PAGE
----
Part of creating an LGBTQ+ romance specific section in the library is helping to make books within the category more accessible to students who may not be comfortable asking for them. 

“One of our jobs as librarians is to make it easier for students to find books in all different types of genres. We want to make sure that those are easily accessible because a lot of times we’ve had students request LGBTQ+ specific books and sometimes a student might not want to walk up to me or Mrs. (Kerry) Hogan, because we’re not a familiar face to them. We don’t want to hinder their ability, you can’t always look at the title or look at characters and initially know that this is going to be an LGBTQ+ book by looking at the cover,” Ogden said. 

While the book collection was organized with the main goal of representing LGBTQ+ students, another benefit is educating those who may not understand or relate to those peers.

To Ogden, media specialists are responsible for helping to educate everyone within the school whether they identify as LGBTQ+ or not. 

“I think books really help us empathize with other people so I want those available for everyone. Not just the LGBTQ+ community, but for those that might want to understand better,” Ogden said.

While Stuart does identify as queer, she appreciates the impact that reading about other sexualities or labels within the community has had on her awareness. 

“It’s been really insightful to read books about people who are nonbinary or transgender because that’s something that I personally don’t have experience with. When you read a book, you want it to be like a mirror, reflecting some things about yourself so that you can connect to it, but it’s also really important for it to be kind of like a window into other people,” Stuart said, “Ultimately, we all have to live in this community together and when someone is so different from you, it’s helpful to be able to read a book about someone who is queer or nonbinary or transgender.”

While the Cedar Shoals library is yet to face any controversy or backlash from the school community, Ogden believes they are prepared to deal with any demands they might face. 

“I think we have a very open community here, but that’s not to say that we wouldn’t or couldn’t face any backlash. Especially being that book bannings are on the rise, and right now the books that are the most banned books happen to be books that discuss race or books that discuss LGBTQ+ rights. We’re prepared to face any type of backlash that we might receive. That’s why we have certain policies in place as well as a library committee. Part of our title is to be prepared to face that kind of stuff,” Ogden said. 

With recent escalation is LGBTQ+ related book bannings, Johnson feels that accurate media representation is important in the education of young children to create more accepting adults.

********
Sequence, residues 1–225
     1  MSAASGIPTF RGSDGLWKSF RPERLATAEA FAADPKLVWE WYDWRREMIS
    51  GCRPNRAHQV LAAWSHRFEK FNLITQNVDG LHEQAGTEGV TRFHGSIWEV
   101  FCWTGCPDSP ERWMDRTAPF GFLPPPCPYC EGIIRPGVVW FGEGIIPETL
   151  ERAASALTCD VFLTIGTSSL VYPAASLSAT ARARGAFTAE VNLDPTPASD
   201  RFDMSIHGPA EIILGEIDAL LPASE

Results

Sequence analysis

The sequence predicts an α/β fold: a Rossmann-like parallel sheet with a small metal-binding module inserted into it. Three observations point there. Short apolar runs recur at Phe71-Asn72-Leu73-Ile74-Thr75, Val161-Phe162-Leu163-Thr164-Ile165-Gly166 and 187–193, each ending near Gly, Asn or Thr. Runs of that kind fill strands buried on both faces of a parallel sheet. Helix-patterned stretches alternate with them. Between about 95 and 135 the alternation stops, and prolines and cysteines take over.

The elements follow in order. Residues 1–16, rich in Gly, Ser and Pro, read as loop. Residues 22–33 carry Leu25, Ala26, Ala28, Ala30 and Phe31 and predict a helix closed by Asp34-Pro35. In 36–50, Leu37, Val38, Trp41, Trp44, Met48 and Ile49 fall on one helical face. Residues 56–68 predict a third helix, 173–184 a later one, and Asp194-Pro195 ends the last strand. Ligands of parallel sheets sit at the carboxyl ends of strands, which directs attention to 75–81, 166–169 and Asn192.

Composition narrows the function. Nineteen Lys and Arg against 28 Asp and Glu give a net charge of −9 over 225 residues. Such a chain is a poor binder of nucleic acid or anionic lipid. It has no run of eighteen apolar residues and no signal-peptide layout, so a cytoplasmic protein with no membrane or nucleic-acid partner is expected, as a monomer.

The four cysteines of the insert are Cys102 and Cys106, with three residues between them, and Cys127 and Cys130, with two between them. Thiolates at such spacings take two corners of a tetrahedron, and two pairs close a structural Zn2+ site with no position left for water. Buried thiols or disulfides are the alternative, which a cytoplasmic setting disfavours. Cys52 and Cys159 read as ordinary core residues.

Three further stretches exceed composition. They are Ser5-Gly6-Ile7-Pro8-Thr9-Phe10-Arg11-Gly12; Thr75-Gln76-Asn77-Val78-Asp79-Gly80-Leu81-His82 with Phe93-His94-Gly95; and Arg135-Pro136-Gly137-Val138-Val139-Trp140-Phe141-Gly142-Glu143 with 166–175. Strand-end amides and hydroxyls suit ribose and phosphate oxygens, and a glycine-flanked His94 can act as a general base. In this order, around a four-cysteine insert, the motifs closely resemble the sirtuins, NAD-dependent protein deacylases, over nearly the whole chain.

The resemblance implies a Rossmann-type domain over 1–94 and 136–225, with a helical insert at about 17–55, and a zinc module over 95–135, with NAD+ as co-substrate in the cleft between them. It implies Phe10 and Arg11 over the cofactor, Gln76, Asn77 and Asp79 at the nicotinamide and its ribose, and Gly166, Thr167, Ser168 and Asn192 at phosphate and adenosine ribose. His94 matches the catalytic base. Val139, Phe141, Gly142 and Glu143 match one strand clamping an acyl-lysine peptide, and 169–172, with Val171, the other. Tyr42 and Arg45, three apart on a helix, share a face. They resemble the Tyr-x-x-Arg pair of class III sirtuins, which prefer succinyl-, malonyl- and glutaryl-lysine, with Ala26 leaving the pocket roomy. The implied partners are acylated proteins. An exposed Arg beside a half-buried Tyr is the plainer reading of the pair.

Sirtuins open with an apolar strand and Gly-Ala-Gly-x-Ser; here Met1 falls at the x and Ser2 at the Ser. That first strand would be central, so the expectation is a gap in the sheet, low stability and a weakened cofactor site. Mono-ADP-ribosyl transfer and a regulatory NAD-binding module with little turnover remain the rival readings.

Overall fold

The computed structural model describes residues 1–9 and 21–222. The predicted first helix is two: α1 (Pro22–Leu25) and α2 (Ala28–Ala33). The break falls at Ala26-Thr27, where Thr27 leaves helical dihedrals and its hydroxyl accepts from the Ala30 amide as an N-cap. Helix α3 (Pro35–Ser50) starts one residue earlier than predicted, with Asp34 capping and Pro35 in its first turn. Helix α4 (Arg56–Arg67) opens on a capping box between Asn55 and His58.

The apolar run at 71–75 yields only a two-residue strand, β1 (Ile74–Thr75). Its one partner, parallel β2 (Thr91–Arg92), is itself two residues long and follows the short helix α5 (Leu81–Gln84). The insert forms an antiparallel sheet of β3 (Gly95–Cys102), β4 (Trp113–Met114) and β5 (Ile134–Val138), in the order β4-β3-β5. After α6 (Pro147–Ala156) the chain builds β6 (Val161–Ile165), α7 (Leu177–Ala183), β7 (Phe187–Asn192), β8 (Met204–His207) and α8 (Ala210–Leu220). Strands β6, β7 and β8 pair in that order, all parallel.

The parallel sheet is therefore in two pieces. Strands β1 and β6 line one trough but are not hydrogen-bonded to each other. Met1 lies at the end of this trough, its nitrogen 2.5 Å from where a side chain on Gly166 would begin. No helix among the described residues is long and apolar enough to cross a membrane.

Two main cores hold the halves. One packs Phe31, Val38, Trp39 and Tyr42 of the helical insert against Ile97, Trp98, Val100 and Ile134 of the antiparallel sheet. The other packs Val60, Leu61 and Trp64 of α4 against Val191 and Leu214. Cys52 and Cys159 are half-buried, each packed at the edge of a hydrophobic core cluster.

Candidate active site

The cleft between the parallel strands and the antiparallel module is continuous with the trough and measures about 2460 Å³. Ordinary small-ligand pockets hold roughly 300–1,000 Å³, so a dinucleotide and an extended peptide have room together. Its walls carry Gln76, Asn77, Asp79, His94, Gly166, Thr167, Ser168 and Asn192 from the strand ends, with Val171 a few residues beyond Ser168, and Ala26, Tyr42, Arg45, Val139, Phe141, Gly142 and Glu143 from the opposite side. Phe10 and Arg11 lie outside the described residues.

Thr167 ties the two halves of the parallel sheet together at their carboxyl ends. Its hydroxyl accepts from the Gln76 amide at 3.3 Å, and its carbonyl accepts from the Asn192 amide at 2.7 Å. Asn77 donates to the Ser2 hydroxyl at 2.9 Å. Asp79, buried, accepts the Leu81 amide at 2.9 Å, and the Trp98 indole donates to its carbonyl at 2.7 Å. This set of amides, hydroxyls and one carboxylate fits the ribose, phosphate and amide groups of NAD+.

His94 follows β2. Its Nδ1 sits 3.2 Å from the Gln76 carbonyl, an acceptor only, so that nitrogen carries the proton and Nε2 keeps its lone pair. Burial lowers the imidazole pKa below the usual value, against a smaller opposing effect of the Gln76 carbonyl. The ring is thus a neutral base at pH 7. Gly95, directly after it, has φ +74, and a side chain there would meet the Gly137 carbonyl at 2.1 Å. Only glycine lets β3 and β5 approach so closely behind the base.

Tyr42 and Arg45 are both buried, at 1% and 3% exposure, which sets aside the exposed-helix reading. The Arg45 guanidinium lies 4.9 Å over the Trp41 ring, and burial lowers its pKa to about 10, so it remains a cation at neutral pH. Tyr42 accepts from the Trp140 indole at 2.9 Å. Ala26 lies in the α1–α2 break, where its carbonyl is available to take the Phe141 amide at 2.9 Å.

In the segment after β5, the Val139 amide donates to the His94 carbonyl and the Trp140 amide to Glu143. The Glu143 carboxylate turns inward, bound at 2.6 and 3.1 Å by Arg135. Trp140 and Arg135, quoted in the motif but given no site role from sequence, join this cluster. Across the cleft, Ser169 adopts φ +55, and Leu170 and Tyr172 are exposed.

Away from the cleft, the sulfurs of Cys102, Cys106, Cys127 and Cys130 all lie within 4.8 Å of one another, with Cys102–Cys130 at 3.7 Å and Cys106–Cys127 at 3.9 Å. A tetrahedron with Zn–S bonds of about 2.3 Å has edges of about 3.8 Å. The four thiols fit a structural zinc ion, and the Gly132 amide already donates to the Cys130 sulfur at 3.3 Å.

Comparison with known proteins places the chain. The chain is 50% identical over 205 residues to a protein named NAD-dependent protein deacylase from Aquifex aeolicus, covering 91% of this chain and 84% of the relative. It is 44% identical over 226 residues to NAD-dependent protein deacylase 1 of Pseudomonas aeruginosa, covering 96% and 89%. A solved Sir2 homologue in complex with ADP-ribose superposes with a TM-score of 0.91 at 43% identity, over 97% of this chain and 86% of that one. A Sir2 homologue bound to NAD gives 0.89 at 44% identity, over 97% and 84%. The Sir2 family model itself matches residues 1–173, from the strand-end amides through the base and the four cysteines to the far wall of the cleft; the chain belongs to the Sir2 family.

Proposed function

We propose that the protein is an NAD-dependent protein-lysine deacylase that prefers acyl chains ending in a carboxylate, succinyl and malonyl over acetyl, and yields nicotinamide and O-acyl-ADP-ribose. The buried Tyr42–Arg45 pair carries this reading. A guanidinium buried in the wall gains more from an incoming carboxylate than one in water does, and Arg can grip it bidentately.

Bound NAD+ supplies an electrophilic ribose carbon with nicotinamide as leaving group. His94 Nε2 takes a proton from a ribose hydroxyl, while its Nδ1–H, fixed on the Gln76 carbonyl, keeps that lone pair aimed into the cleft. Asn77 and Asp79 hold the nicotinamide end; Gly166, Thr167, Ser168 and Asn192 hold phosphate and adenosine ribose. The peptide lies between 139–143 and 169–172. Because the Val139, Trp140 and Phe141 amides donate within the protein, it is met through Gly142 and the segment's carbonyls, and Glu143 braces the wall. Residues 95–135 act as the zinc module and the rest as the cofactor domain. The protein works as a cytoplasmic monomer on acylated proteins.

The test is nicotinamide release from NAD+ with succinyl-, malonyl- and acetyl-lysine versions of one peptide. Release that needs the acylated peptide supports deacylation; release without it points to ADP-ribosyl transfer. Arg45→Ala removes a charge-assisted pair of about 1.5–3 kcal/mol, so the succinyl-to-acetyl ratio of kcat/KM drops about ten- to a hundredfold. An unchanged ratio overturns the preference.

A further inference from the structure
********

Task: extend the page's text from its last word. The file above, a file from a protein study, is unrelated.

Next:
“I feel like sexuality is something kids need to know about. Not in detail, but I feel like it is something they need to talk about from an early age so that they have more time to process it and realize how they feel about it. We already force heterosexuality on the kids. It’s not a bad thing to expose children to different sexualities. It’s so that they know,” Johnson said. 

Books with LGBTQ+ characters make up over 80% of the most challenged children’s books across the country.  Stuart believes that banning books with LGBTQ+ characters is detrimental to students attempting to feel accepted. 

“You can’t erase these stories. These people exist in the world and trying to straight wash is not healthy. It’s really hurtful to people in the community. It’s really sad to think that there are still schools that aren’t safe, that are trying to ban things or keep kids from seeing something,” Stuart said.  

Although the LGBTQ+ romance section is still fresh in the library since its creation in February, the media specialists plan to add many more additions creating a wide variety of options for those looking for representation or education. 

“It really changes how I feel about the school because it’s not really something you hear a lot about. You don’t really hear a bunch of schools coming up with LGBTQ+ sections, so it really makes me proud,” Johnson said. “I know it’s going to help a lot of people, and I know it’s going to help especially the younger students, like freshmen who may be questioning their sexuality.”

Ellie Crane

Graduate Ellie Crane was the Co-Web-Editor and Co-Layouts-Director for Cedar BluePrints during the 2022-2023 school year. Crane is pursuing engineering at the University of Georgia.